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Study warns about stimulants in diet supplements

Lenox Hill Hospital cardiologist Dr. Tara Narula joins "CBS This Morning" to discuss the study
Study warns about stimulants in dietary supplements 02:26

A new warning is out from researchers about a hidden and potentially dangerous stimulant.

The study, published in the peer-reviewed journal Drug Testing and Analysis Thursday, concluded 12 out of 14 tested supplements for weight loss, workouts and brain enhancement contain "AMP Citrate," or DMBA.

Scientists say it's a chemical cousin to an ingredient banned by the Food and Drug Administration.

Ampilean supplement
Ampilean supplement

"It's similar to amphetamines, which have cardiac and neuropsychiatric effects, and it is a cousin to a stimulant called DMAA that was pulled from the market in 2012 for having 86 adverse events recorded that include heart attack, stroke, seizure and death," CBS News medical contributor Dr. Tara Narula, a cardiologist at Lenox Hill Hospital in New York City, said on "CBS This Morning."

The problem, she said, isn't just the one particular stimulant, but that it's systemic across the entire supplement industry.

"Supplements are not classified like prescription medications are," Narula said. "We don't have to prove safety and efficacy before they come to the market."

That is the case for this particular supplement.

Despite claims from manufacturers that the ingredient derives from tea, the study's authors say there is no evidence it has ever been extracted from a plant.

They also point out that AMP Citrate has never been studied on humans.

Instead, the makers reference two studies performed on cats and dogs with severed spinal cords from the 1940s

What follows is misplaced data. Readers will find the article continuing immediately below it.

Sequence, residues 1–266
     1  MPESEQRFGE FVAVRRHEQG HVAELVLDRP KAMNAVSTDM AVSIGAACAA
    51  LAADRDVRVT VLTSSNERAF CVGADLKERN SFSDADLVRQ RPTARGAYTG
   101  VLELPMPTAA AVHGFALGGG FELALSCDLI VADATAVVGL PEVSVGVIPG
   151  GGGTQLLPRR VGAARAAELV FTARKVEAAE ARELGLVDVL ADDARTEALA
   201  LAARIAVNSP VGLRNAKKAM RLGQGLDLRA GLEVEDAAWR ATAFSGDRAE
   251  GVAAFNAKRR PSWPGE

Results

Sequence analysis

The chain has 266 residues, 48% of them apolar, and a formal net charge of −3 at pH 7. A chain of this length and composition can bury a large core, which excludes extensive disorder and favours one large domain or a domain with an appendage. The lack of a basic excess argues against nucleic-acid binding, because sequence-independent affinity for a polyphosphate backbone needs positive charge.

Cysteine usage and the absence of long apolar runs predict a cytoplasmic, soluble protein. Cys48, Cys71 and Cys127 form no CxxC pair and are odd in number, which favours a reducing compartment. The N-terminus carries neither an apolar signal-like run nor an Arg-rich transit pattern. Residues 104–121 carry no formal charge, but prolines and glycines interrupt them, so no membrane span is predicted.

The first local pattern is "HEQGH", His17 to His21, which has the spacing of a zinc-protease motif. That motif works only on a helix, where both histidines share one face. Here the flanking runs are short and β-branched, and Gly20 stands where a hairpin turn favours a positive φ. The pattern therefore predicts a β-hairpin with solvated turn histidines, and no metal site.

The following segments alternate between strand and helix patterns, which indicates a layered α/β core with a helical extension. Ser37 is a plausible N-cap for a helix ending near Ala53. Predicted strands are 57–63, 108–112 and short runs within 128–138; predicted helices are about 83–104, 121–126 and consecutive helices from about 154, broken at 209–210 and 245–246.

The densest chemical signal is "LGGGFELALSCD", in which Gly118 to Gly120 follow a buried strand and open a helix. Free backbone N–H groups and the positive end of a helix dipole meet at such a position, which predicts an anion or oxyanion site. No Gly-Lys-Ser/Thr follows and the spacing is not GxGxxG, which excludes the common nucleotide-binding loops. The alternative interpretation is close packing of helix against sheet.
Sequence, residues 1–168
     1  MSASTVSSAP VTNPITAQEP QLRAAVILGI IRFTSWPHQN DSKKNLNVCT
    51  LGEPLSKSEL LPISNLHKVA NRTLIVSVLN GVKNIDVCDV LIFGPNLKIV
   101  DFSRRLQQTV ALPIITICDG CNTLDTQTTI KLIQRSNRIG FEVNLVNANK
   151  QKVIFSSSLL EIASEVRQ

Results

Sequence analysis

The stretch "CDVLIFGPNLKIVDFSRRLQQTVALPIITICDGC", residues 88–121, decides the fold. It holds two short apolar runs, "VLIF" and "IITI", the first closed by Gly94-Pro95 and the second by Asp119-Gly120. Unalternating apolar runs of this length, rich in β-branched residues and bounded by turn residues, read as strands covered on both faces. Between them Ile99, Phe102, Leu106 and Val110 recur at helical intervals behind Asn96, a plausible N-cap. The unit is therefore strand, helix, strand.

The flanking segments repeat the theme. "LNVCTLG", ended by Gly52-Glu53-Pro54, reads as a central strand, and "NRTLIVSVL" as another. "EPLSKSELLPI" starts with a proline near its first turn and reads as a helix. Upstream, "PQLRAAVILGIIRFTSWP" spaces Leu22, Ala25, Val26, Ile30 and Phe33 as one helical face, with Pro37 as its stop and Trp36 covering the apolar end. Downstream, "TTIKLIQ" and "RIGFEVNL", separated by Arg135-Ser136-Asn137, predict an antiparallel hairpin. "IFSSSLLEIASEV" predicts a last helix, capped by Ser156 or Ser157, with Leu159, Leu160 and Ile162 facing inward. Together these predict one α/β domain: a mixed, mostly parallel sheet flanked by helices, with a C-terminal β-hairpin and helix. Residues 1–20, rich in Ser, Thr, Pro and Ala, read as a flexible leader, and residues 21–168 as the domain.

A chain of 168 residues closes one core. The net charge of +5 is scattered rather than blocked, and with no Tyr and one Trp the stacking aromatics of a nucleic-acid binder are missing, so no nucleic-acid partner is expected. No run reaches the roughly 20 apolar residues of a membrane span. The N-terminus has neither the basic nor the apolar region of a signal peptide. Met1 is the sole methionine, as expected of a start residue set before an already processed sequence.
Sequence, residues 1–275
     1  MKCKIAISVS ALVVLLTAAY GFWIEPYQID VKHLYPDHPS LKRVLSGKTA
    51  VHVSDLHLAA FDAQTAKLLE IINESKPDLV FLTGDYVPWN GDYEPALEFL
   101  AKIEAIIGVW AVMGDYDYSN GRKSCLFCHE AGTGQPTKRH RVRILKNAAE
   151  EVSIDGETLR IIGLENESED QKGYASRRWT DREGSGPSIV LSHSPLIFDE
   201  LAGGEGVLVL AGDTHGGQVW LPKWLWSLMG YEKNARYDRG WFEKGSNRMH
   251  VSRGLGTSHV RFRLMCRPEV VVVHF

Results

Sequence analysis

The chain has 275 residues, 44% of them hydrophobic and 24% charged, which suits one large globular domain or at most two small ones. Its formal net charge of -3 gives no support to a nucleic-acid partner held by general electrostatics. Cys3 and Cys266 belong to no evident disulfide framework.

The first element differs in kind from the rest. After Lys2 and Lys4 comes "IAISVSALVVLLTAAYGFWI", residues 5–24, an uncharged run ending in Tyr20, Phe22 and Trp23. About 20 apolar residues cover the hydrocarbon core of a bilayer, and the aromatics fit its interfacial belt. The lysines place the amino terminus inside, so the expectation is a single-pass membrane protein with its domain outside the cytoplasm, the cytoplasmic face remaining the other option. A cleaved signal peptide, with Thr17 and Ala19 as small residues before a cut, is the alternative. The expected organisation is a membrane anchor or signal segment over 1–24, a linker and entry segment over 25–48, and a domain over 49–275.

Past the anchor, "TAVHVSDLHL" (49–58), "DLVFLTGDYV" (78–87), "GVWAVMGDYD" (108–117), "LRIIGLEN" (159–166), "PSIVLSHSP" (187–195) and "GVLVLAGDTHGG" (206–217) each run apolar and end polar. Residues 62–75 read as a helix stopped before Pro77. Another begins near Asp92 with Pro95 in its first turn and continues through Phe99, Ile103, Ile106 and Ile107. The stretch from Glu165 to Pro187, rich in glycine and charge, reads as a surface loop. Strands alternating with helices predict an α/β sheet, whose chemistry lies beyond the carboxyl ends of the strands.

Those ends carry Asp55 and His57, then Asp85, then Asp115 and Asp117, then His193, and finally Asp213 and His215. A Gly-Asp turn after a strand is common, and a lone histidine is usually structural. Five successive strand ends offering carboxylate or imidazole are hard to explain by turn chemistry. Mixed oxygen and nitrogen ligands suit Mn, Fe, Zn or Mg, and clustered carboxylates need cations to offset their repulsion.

In their paper, the authors write, "One study examined DMBA's effect, along with several other aliphatic amines, on an undisclosed number of pithed cats and another study examined its effect on five pithed dogs."

In this case, Narula said, the makers essentially took the DMMA supplement, modified it slightly and put it in new diet drugs.

And believe it or not, it's entirely legal, she said, and the FDA ends up playing catch-up.

While the agency can recall products determined to be dangerous, it has to wait until after they're on the market.

"It's like a monster with 10 heads," she said. "... You slay one, and just as quickly as you do that, the manufacturers make a new synthetic ingredient that they're putting in a supplement."

Narula said there needs to be a task force to ensure more oversight and better regulation.

"We need a lot more done in this arena," she said.

Currently, the FDA relies on external sources to report findings of potentially harmful supplements.

In September, one organization did just that. The Council for Responsible Nutrition, a trade association that oversees over 150 companies involved with the supplement industry, submitted a request to the FDA to investigate the supplement.

Even still, Narula advised against taking any diet pills.

"We don't know what's in them; we don't know what the dosage is; we don't know what other chemicals are in there," Narula said. "It's essentially like me telling you, 'Why don't you volunteer for a research study, and I'll give you an experimental drug, and let's see what happens; you might have a heart attack or stroke.'"

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